Last month, Motherboard reported on a Redditor using deep learning technology to map female celebrities’ faces onto pornographic performers, with startlingly lifelike results. By scanning a bunch of images of a celebrity’s face, the software was able to imagine what they’d look like grafted into a given video—a powerful technology being used in one of the worst possible ways. The result barrels past legal and ethical boundaries, raising a whole host of free speech issues regarding the women whose likenesses are being used without their consent. There are surprisingly few legal recourses for them, at least in America.
The technology also opens up the door to a very near future in which we won’t be able to trust video evidence—long the gold standard, at least in the court of public opinion. This could be particularly damning in the political realm, where (say it with us) “fake news” and the very nature of reality is somehow now open to partisan interpretation. Last week, Motherboard followed up on the original piece with reports of the existence of FakeApp, a piece of software that makes creating these fakes so user-friendly that an entire new subreddit has sprung up, devoted to their creation.
A trip into that den yields countless images of horrified, malfunctioning automatons performing for the godless pleasures of their creator, and also a whole shitload of Nic Cage, because after porn, the internet makes memes. Here is Nic Cage superimposed over Andy Samberg pretending to be Nic Cage:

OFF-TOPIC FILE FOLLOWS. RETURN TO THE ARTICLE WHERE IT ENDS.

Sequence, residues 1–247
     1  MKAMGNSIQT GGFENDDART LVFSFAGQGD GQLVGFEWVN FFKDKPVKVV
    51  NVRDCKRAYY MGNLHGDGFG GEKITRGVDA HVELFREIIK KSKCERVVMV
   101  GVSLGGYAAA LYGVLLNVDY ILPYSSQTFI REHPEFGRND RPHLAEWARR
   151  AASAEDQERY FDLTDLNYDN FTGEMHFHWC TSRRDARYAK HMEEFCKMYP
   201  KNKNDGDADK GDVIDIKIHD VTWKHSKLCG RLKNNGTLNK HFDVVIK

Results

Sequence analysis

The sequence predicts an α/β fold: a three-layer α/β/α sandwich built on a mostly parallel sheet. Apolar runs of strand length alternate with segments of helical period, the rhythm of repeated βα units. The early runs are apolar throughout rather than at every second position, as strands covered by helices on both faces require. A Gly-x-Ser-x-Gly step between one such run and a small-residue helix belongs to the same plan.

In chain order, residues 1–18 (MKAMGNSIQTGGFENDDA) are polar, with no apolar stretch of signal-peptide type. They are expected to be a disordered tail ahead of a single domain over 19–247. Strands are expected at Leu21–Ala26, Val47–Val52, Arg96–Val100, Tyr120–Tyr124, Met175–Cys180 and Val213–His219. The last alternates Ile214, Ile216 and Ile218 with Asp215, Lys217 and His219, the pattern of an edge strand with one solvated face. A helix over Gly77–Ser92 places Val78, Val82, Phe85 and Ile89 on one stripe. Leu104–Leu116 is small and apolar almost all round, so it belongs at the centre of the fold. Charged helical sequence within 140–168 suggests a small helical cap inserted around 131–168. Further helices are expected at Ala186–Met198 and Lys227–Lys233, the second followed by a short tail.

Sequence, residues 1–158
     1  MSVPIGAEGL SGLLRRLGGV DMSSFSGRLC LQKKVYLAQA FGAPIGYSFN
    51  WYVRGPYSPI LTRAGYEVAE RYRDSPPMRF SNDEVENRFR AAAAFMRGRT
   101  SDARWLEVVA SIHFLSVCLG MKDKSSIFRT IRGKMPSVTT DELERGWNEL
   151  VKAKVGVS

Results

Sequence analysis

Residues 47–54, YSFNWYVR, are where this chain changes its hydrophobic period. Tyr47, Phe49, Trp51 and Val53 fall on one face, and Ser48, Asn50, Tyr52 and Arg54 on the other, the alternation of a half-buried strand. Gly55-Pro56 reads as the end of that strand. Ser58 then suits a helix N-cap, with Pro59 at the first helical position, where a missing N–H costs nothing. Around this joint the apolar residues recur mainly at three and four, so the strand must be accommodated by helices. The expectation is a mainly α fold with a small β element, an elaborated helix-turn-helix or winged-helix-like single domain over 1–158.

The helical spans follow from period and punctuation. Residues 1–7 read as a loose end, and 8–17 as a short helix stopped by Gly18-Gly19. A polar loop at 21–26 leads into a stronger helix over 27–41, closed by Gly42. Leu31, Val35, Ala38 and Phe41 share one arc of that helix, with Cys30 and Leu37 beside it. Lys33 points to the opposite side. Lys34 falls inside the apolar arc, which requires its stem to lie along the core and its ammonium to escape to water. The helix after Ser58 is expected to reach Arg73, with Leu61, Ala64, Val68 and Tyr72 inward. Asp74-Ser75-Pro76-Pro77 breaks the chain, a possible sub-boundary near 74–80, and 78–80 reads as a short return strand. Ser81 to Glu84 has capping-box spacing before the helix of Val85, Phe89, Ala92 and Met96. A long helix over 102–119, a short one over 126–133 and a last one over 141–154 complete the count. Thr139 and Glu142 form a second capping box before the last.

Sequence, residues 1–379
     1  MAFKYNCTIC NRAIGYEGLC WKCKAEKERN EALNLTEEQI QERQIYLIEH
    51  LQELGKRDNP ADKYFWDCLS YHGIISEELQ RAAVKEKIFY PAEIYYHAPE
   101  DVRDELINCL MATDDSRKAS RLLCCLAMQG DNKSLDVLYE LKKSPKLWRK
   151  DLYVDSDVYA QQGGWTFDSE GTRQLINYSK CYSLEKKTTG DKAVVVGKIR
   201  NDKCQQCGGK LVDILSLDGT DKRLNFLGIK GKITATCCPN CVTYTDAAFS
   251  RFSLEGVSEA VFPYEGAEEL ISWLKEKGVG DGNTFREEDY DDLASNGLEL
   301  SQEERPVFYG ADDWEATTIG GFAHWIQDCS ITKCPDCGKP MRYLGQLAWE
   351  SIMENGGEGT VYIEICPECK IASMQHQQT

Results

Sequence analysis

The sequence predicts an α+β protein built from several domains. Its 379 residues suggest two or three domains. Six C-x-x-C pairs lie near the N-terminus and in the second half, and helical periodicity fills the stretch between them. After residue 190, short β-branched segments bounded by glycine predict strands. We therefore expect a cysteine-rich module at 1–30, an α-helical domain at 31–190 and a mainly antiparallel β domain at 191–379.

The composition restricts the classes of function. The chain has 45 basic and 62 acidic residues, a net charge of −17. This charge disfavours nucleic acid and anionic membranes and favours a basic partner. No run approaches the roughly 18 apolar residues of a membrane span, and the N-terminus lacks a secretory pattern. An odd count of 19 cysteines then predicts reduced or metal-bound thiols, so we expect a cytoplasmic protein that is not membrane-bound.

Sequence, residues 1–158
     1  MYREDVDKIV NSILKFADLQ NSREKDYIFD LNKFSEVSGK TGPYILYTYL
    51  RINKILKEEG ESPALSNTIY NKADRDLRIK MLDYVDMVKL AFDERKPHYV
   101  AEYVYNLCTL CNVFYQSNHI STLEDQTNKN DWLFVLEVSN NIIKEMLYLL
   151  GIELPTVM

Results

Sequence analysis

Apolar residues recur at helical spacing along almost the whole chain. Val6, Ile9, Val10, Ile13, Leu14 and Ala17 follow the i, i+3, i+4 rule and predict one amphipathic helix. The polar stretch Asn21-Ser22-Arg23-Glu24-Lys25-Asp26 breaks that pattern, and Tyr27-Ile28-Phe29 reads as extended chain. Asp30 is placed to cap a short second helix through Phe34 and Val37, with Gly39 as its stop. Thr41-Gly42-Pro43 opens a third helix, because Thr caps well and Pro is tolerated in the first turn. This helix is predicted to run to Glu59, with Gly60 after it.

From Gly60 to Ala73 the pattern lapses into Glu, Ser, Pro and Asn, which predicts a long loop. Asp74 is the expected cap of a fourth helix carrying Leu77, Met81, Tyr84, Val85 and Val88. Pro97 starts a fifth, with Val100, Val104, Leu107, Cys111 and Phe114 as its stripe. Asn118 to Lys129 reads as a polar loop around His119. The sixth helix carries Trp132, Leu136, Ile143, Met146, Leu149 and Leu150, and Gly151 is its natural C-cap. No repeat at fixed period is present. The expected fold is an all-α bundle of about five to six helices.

Here he is as James Bond in Dr. No:
Replacing Harrison Ford in Raiders Of The Lost Ark:
Finally getting that role in Superman for which he’d always yearned:
And, in just the tip of the iceberg as far as inter-meme cross-pollination goes, taking over for Aidan Gillen as “C.I.A.” in The Dark Knight:
These are at once entertaining, technologically impressive, and creepy as all hell, existing on the other side of the uncanny valley, believable but still “off.” The technology is immensely powerful and only getting more believable and easy to use, which means we will absolutely be seeing much more like this, as well as more hideously invasive and demeaning uses like those on the larger subreddit. Wired reports that the creator of FakeApp could be liable for damages in cases in which the technology was used to create “nonconsensual porn,” but it is unclear what legal recourse, if any, will be available to us in the Cage-filled dystopia we are set to enter.
One more for the road: